In Depth

Germanwings: should pilots with depression be allowed to fly?

Crash of Germanwings flight at the hands of Andreas Lubitz prompts debate on mental health

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Claims that Germanwings co-pilot Andreas Lubitz had a history of depression and was concealing a recent medical problem has prompted a debate on whether depressed pilots should ever be allowed to fly.

Lubitz, 27, flew the Airbus A320 into the French Alps last week, killing all 150 people on board.Investigators searching his home found that he was hiding an as yet unconfirmed illness from his employers and that doctors had declared him unfit for work. Meanwhile, a German newspaper revealed that he had been treated for depression about six years ago. Several UK newspapers pounced on this, running front-page headlines such as "Madman in cockpit" and "Suicide pilot had a long history of depression: why on earth was he allowed to fly?"Writing for the Daily Mail, Piers Morgan said depressed pilots on medication for mental illness should not be flying passenger planes. "That's not insensitive – it's protecting lives," he said.But others, such as Labour spin doctor Alastair Campbell, said the media coverage had only served to stigmatise depression further."This is reporting that belongs in the dark ages along with witchcraft," he said. "If Lubitz was struggling with a mental health problem he has that in common with millions of us."Professor Simon Wessely, president of the Royal College of Psychiatrists, insisted that depression should not lead to a lifetime ban for commercial airline pilots, pointing out that there is not normally a link between depression and aggressive suicide.People with acute depression are not allowed to fly, he said. But banning anyone who has ever had a history of depression is "wrong", he told The Observer, "as much as saying that people with a history of broken arms shouldn't be allowed to do something".But Peter McKay at the Daily Mail points out that Lubitz was able to go to work as normal, despite a doctor obviously believing him to be unfit to fly. European Union regulations allow commercial pilots to fly a minimum of four weeks after symptoms of depression have been resolved and, under German law, a doctor is not required to inform the patient's employer about any illness.Lubitz had previously passed all of his medical exams for the airline, including a psychiatric test. "His performance was without any criticism," said Carsten Spohr, the head of Germanwings parent company Lufthansa. "Nothing at all was striking."McKay says: "Mental problems are easier to conceal than physical ailments... The secrecy provided by well-intentioned laws governing medical records is surely a bigger worry than the stigmatisation of depressive suffers."But Libby Purves at The Times says an "exaggerated suspiciousness" of pilots who have sought help for depression could risk driving the illness underground and preventing them from daring to admit it at all.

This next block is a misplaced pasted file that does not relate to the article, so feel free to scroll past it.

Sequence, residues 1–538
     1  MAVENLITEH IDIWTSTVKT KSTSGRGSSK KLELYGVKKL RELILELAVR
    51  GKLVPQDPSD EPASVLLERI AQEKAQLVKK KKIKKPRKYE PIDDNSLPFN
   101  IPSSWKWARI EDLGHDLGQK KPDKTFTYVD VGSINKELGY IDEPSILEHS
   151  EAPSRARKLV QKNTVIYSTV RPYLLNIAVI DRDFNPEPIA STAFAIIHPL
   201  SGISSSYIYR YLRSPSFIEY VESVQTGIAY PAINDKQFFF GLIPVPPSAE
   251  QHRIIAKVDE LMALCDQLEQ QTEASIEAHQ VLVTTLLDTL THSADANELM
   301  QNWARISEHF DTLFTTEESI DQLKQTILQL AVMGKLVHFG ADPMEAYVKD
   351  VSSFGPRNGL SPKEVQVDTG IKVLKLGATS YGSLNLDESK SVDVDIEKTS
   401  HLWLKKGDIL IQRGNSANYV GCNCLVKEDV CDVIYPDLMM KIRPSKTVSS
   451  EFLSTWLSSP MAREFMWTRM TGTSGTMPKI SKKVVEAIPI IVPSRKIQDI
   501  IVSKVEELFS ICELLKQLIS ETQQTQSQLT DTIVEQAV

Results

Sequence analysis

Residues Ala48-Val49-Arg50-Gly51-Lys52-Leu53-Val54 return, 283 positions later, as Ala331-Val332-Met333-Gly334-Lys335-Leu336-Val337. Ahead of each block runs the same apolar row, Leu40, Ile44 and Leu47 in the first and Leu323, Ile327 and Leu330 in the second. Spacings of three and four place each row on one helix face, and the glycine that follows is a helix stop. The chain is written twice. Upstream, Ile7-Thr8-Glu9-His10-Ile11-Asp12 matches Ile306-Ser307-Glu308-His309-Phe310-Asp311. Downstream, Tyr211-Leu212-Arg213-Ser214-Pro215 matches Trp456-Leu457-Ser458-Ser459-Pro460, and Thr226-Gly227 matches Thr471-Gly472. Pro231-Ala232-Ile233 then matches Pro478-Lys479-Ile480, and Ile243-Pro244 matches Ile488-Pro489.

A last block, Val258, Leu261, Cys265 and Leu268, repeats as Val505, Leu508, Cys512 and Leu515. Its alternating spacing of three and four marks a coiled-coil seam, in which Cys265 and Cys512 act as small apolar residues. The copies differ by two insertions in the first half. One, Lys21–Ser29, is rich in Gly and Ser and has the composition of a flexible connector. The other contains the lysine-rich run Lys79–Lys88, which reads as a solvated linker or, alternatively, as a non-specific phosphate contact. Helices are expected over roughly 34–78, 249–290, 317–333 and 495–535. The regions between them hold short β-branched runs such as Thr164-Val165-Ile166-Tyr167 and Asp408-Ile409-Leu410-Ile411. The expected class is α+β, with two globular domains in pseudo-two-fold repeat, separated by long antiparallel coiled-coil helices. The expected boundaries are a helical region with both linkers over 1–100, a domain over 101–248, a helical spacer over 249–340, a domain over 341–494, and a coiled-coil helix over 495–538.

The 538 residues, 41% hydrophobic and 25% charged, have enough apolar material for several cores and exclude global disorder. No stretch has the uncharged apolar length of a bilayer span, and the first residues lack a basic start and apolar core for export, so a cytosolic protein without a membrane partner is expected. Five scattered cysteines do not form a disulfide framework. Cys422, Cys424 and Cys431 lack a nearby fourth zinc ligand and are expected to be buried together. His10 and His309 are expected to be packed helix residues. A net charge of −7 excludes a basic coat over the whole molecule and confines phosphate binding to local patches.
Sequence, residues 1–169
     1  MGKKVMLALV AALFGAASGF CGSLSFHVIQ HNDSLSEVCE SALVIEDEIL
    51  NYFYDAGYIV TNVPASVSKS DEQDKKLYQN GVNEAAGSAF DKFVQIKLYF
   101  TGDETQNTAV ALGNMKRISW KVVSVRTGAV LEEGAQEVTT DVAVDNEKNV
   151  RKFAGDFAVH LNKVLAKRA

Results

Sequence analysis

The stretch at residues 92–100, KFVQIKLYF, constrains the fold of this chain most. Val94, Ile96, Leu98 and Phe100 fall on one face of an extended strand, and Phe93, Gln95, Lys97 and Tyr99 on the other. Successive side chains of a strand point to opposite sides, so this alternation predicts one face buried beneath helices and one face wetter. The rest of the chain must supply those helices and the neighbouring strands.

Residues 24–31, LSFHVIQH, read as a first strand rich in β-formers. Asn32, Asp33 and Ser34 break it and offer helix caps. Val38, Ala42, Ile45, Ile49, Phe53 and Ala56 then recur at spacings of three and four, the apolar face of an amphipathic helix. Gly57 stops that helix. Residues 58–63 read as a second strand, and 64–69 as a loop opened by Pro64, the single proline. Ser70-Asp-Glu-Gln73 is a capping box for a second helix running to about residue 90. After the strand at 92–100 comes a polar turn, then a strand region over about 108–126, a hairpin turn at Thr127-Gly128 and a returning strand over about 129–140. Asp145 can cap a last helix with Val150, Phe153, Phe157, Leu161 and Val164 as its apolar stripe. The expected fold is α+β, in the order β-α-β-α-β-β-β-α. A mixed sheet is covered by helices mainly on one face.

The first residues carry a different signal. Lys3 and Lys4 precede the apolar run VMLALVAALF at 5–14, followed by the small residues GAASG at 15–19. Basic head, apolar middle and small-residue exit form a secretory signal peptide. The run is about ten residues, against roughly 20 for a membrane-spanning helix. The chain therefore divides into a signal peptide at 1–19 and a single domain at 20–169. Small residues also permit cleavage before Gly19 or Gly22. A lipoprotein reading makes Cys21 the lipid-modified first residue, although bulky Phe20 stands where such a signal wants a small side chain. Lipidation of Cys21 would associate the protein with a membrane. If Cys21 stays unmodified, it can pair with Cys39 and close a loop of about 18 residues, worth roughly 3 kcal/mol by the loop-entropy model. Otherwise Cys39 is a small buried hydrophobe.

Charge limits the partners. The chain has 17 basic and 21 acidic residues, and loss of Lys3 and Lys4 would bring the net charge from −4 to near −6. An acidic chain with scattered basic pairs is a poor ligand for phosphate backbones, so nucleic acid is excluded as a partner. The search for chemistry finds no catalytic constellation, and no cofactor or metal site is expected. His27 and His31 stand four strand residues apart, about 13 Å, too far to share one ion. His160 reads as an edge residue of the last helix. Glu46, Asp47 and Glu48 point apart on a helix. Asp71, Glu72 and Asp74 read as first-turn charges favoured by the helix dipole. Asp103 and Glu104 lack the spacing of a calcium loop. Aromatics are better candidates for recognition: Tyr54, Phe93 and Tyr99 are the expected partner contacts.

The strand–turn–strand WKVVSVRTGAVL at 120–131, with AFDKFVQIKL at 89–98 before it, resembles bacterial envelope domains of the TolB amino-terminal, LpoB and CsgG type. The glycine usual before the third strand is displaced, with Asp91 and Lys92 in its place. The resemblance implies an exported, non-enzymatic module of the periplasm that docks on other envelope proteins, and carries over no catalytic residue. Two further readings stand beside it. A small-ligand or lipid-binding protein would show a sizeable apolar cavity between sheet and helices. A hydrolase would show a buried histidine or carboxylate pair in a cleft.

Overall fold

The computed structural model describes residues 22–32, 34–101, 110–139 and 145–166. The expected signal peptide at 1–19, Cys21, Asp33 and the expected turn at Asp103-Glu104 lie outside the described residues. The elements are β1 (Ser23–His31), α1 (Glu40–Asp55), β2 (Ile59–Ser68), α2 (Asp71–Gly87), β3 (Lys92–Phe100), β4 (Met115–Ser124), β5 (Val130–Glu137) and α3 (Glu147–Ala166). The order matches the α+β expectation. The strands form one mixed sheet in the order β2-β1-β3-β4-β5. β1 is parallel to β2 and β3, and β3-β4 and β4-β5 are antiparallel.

"Statistics bear out the rarity of this disaster, a bleak comfort at a dreadful time," she says. "To demonise all forms of sensitivity and depression is itself crazy. Many people suffer from sadness, depression or family and romantic failure, yet most of the time we are all safe in one another's hands. We should rejoice in that."

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